"In The Unpromised Land" & "The Granuille Reels," written by Michael S. Kirkpatrick, performed by The Drovers
"Nothing For You," written by Michael S. Kirkpatrick & Kathleen Keane, performed by The Drovers
"The Show Goes On," written by B. R. Hornsby, performed by Bruce Hornsby and the Range, courtesy of The RCA Records Label of BMG Music
"Gotta See Your Eyes," written by Thomas Guzman-Sanchez, performed by Rhythm Tribe, courtesy of Zoo Entertainment
"Balmoral," arranged and performed by The Emerald Society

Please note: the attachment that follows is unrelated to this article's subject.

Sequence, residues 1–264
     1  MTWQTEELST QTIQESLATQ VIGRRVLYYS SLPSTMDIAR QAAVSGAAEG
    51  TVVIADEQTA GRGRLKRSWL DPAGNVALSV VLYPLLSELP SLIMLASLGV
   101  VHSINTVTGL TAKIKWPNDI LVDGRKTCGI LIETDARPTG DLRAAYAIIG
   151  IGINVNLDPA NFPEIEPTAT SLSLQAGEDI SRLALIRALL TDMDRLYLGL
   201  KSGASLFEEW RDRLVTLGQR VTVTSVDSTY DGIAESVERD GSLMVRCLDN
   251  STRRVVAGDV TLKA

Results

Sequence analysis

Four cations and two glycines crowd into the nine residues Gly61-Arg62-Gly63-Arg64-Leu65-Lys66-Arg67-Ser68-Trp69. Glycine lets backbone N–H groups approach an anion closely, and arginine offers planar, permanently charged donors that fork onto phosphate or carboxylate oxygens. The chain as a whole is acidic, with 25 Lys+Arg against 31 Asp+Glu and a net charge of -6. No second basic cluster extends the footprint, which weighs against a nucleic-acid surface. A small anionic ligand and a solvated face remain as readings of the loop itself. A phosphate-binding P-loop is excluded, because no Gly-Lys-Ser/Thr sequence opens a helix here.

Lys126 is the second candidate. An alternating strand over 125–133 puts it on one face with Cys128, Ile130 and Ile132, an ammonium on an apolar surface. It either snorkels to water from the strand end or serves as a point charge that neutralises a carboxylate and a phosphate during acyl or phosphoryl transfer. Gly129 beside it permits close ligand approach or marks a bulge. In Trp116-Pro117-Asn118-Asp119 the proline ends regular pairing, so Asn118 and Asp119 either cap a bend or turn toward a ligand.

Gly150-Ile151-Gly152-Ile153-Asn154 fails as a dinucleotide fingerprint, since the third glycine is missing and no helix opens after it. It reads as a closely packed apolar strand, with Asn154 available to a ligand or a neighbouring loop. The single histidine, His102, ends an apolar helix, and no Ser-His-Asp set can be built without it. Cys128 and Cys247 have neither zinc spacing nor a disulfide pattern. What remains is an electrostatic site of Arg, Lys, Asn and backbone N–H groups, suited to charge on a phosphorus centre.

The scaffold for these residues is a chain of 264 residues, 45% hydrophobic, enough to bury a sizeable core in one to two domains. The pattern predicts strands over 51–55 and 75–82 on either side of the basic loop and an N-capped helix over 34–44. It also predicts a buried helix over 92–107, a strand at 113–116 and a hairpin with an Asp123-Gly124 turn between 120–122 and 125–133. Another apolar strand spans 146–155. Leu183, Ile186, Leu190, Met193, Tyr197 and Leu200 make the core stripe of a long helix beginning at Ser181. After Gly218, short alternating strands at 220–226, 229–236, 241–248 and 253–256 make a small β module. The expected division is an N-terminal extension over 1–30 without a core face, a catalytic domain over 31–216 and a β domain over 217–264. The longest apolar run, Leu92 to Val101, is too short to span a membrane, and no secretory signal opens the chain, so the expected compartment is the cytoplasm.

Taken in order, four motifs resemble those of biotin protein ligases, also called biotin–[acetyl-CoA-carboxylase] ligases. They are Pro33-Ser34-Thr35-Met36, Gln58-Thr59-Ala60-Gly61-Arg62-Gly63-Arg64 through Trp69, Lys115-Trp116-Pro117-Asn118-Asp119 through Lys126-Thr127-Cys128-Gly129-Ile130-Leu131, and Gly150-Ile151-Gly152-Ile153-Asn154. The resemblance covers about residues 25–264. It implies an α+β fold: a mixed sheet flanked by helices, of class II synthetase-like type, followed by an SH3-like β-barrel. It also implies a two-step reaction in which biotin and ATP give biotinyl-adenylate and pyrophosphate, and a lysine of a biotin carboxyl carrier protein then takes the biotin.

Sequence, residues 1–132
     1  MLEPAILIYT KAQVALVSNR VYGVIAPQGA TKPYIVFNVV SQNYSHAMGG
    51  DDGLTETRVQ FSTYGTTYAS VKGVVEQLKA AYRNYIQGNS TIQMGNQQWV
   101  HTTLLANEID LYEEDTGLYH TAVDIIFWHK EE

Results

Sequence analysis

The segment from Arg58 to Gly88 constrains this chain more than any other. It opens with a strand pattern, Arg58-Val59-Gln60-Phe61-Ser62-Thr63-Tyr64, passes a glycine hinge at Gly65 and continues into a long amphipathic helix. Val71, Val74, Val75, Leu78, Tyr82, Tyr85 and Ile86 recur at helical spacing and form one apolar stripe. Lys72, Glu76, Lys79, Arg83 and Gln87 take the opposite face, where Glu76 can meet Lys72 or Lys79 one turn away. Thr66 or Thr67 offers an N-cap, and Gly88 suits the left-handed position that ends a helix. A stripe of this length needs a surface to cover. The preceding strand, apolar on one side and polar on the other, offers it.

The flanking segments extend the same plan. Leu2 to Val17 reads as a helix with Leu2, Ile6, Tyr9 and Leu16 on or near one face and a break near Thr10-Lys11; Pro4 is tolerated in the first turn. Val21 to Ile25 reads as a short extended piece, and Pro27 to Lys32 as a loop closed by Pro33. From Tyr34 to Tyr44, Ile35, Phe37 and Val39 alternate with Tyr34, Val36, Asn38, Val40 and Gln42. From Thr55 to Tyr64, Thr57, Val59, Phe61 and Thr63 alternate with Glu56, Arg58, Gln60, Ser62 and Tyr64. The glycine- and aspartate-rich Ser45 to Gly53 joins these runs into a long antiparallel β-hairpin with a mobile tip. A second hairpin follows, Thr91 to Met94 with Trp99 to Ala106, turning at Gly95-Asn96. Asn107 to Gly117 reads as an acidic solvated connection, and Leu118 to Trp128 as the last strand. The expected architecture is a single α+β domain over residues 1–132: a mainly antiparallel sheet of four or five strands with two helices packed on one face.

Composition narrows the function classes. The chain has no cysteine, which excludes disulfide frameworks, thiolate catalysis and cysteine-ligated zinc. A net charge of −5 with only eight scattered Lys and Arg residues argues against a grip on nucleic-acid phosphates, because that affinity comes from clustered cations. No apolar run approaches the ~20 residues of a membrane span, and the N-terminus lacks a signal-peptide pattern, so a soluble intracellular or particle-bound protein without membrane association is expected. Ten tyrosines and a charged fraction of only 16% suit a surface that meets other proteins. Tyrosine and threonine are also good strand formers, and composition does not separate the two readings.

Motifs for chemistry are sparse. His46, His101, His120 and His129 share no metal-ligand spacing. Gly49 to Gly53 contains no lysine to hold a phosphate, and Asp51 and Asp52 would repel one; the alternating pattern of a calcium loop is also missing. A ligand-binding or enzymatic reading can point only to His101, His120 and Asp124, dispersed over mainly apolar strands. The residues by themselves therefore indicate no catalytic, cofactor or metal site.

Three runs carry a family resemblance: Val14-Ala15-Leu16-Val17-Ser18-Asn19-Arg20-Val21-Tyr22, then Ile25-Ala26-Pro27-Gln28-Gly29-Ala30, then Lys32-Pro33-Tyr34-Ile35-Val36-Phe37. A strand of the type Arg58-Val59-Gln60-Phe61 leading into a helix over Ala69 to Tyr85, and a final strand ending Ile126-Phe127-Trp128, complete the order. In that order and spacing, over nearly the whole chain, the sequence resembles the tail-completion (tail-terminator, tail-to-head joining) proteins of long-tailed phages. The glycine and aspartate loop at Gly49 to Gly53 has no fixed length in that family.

"Set Me In Motion," written by B. R. Hornsby & John Hornsby, performed by Bruce Hornsby and the Range, courtesy of The RCA Records Label of BMG Music.
+
DETAILS
Release Date:
24 May 1991
Premiere Information:
Los Angeles opening: 24 May 1991
New York opening: week of 24 May 1991
Production Date:
25 July--early November 1990
Copyright Claimant:
Universal City Studios, Inc., & Imagine Films Entertainment, Inc.
Copyright Date:
11 December 1991
Copyright Number:
PA547018
Physical Properties:
Sound
Dolby Stereo ® in Selected Theatres
Color
Kodak
Lenses
Lenses and camera by ARRI®
Duration(in mins):
136
MPAA Rating:
R
Country:
United States
Language:
English
PCA No:
31130
Passed by NBR:
No
SYNOPSIS